Cultural associations are often so deeply engrained that shoppers don’t articulate them directly. Many of these ideas, particularly in split-second purchase contexts, live beyond the rational. We don’t tend to articulate that organic products should be packaged in rough/textural/ earthy tones: it just forms part of our cultural expectations. We feel pleasantly satisfied if our blow-the-budget make-up compact closes with the heavy ‘click’ reminiscent of an expensive car door but we probably wouldn’t tell you that in a focus group. But if you want your organic coffee to reveal its earthy story at a split-second glance, or your compact to feel reassuringly expensive when we play with it in Space NK, it’s worth knowing about those signs and manipulating them to increase appeal.


Think Like a Semiotician 1 does semiotics Q How work with shopper research? Semiotics works brilliantly with traditional consumer research: the two disciplines are entirely complementary. The consumer side starts with people and works outwards while semiotics starts with the cultural associations that create those people’s thoughts and feelings. By interrogating both consumers and their cultural context we build up the fullest picture possible.

is semiotics so relevant now? Q Why

As consumers continue to navigate the increasingly fragmented shopping and media channels they too are tuning into mini-cultural analysts curating, creating and negotiating their own complex cultural worlds. In order to grab and hold attention, brands need to resonate and stand out within those worlds. Let’s listen to what shoppers say. Observe what they do. Mine their data and analyse their habits. But let’s also take a close look at the culture, signs and emerging patterns behind all those numbers, behaviours, thoughts and opinions.

For more info on semiotics please visit Emily’s website: www.emilyhayes.london

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Next time you buy something new, take a step back to analyse your subconscious behaviour... What was it that grabbed your attention in the first place? Something about the packaging, the shopping context, or the brand’s tone of voice? Was it a favourite brand? If so, why do you trust/feel comfortable with it? What about the actual product itself: how does it feel/smell/taste to use/wear/eat? What’s unique about it? Next, think about what external influences could have affected that purchase. Was it connected to a childhood memory, a conversation with friends or maybe an article you read in the Sunday papers? Does it resonate with your core beliefs, the demands of your family or expectations of your social group? Had you seen any advertising that influenced you: maybe not even for that brand itself? Think wider than just the product in your hand. Does your purchase fit into any wider cultural movement or trend that feels new and different? Does it fit with an emerging way of thinking or being? Now, think about what would – or just as importantly – wouldn’t make you buy that product again. Did it live up to expectations? Finally, how would you redesign that product, store or website it came from – or any part of the shopping journey – to make it more appealing?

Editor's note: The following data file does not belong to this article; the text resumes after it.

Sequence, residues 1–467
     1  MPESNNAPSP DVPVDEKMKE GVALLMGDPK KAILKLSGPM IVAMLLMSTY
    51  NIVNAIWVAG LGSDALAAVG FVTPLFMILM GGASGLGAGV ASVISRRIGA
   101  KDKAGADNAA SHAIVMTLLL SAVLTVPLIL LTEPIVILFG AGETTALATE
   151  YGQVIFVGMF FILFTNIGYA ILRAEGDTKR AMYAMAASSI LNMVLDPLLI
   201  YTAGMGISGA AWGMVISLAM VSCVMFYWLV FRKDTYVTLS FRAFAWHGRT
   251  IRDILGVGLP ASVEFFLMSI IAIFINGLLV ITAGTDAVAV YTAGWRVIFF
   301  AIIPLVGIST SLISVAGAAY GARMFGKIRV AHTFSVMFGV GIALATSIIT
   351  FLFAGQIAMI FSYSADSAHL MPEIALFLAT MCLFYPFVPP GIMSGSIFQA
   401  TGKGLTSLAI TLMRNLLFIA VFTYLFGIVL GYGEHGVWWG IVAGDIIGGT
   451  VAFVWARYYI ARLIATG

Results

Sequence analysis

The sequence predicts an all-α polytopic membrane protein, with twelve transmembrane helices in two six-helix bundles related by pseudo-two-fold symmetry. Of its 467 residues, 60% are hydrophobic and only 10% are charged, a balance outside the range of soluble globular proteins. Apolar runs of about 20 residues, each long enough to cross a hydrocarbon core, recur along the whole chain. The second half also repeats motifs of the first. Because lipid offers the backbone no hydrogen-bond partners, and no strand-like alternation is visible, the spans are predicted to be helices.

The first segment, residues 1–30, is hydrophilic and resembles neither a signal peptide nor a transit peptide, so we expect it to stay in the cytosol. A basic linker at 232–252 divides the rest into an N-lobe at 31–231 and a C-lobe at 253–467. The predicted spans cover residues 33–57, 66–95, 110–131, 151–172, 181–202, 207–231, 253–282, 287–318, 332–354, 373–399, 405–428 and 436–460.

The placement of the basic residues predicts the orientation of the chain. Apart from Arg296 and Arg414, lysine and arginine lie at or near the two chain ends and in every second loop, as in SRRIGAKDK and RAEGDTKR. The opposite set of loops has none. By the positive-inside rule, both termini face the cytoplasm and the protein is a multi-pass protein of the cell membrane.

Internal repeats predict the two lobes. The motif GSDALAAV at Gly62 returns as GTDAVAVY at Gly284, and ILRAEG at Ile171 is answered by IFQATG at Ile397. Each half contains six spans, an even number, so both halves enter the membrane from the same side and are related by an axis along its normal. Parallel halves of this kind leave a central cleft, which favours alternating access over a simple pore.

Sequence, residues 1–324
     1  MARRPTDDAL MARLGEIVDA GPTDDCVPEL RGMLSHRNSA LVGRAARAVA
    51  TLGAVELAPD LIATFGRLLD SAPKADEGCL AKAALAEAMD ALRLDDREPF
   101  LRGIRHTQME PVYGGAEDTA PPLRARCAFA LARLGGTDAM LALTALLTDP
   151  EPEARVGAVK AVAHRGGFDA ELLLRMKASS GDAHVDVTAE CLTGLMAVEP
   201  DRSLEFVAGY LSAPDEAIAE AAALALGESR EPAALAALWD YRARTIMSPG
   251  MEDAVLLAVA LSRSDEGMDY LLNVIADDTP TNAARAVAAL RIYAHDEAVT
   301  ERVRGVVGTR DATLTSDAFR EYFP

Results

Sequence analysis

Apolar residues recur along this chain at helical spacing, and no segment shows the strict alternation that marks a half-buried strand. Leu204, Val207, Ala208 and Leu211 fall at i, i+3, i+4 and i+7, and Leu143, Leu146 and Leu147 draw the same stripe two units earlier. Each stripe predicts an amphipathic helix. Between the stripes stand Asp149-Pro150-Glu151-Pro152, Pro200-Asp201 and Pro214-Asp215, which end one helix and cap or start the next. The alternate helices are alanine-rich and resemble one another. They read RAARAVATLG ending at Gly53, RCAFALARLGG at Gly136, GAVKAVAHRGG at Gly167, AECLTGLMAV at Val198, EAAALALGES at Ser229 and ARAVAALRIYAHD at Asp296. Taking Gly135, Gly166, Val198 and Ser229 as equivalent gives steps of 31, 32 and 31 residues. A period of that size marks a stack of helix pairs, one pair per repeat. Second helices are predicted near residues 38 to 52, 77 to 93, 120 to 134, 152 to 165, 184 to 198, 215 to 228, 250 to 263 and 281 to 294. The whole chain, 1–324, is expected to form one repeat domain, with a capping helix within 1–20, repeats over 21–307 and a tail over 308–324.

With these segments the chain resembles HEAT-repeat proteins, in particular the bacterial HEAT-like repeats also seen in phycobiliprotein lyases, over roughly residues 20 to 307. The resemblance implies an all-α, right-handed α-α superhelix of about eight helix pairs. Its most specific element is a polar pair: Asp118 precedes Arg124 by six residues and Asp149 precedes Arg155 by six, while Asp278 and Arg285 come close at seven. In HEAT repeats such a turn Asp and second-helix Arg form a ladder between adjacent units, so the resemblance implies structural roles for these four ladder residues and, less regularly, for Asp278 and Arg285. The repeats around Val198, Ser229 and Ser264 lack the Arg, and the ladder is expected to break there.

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meet the team... We are a small group of highly experienced shopper research experts and aim to lead the way in shopper insight. Between us we bring years (over 150!) of industry experience, gained both client side and within leading research agencies. We focus only on shopper research and are method neutral, using a bank of tools and techniques to uncover insights that are real and lead to tangible actions. Iona Carter